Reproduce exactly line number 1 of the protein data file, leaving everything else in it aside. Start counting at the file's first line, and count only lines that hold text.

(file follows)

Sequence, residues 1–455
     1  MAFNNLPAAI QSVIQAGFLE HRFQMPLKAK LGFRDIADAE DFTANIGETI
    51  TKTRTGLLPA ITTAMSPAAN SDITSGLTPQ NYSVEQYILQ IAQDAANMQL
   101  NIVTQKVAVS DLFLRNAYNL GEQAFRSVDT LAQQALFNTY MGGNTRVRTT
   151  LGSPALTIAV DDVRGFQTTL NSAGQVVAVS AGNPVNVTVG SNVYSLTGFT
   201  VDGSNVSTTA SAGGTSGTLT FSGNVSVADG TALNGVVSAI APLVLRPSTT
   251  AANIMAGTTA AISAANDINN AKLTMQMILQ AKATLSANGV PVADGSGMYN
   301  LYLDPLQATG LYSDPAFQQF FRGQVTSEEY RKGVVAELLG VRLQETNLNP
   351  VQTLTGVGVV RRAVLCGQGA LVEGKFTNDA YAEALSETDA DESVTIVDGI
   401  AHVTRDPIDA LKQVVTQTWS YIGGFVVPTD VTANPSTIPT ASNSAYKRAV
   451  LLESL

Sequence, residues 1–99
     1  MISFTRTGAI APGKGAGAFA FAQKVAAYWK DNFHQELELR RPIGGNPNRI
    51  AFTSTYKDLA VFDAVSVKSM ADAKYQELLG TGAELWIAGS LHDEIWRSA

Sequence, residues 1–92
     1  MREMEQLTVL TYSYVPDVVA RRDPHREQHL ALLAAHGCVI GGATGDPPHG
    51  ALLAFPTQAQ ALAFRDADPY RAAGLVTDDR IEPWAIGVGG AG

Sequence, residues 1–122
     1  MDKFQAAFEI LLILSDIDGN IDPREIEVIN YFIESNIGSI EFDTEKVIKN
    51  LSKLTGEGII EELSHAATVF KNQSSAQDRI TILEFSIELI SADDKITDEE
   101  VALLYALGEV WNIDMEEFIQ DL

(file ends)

Sequence, residues 1–455